Gilbert, who designed the U.S. Custom House at Bowling Green and 90 West St. before Woolworth hired him, was, like his client, a self-made man. His father died when he was very young, leaving his mother with three young children. She moved the family to Minnesota, where Gilbert began working in an architectural office at the age of 17.
No one who enters the Woolworth building can forget about the men who made it. Sculpted caricatures of Woolworth and Gilbert and others who gave birth to the building look down on visitors from the lintels they support. Woolworth is depicted counting his money. Gilbert holds a model of the building itself.
Gunvald Aus, the building’s engineer, has his arms wrapped around a steel truss. Although steel structures enrobed in terra cotta had previously been built, none were as tall as this building, which presented engineering challenges for Aus to solve.
The building rests on concrete and steel caissons, most of them 14 feet in diameter, that had to be driven down through around 100 feet of muck to Manhattan bedrock. It also had to be reinforced so that it would not sway in the wind.
Louis Horowitz, president of Thompson-Starrett, the building’s construction company, is depicted making a telephone call. Telephones, like electricity, were just decades old at that time, and not everyone had them. The Woolworth building was a proud amalgam of the latest technology with the most sumptuous materials and craftsmanship.
Edward Hogan, the building’s real estate agent, is shown counting on his fingers. Woolworth created an ornate office for himself on the 24th floor and utilized part of the 23rd floor as well for his company, but the rest of the building was rented to others. He wanted to make a profit on it — and he did.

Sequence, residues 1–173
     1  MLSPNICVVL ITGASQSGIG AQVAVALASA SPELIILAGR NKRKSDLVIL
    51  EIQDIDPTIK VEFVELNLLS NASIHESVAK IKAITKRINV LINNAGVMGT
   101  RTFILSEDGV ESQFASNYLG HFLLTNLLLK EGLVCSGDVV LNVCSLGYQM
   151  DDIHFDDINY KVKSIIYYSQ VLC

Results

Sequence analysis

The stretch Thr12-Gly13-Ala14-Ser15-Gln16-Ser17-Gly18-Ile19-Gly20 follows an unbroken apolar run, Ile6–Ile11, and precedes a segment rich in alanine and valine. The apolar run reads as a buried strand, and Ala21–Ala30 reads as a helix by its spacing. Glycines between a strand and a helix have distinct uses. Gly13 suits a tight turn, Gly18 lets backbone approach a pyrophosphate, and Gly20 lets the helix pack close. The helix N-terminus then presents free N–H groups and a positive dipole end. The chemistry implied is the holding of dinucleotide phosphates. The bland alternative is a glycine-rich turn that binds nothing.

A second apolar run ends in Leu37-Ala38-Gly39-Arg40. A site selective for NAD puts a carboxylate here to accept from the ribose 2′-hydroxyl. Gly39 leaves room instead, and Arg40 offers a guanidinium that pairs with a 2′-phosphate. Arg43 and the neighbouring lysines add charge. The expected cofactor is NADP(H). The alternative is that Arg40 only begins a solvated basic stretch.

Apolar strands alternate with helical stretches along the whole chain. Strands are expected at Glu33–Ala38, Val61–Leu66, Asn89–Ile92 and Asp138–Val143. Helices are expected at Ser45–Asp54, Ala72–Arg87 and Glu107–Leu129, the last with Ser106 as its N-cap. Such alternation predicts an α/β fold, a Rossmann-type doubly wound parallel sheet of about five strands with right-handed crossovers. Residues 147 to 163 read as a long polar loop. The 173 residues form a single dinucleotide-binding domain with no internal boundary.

Irving National Exchange Bank was one of the principal tenants. In the lobby sculptures, Lewis Pierson, president of the bank, has been equipped with a ticker tape machine. There are other figures, too, who have not been identified.
“Woolworth was very proud of the building,” said Fenske, who curated the exhibit with Carol Willis, the museum’s director. “He spoke of traveling in Europe and seeing a poster in which the Woolworth building was featured as a building that represented New York. He was proud that he created a landmark to New York City and that people understood New York through his project.”
Those who are unable to get into the lobby of the Woolworth building can still learn about it at the Skyscraper Museum exhibit.
It includes original drawings of the structure from the archives of the New York Historical Society and from Gilbert’s office. Items related to Woolworth and his stores are also on display.
The building’s handsome terra cotta cladding is documented with mural-sized photographs accompanied by photographs of Atlantic Terra Cotta’s works at Perth Amboy, N.J. and Tottenville, Staten Island, where the terra cotta was made.
The Woolworth building is contemporary with Grand Central Terminal, which also celebrates its 100th anniversary this year, and with the Municipal Building at 1 Centre St., which was completed in 1912.
Fenske speculated as to why so much major construction was happening at that time.
“I think you can point to prosperity,” she said. “New York was a prosperous port. It was at the height of its power economically. There were people who believed in the city and wanted to invest in it. And what I am really struck by is the commitment to really improving the city with these beautiful buildings that stay with us today.”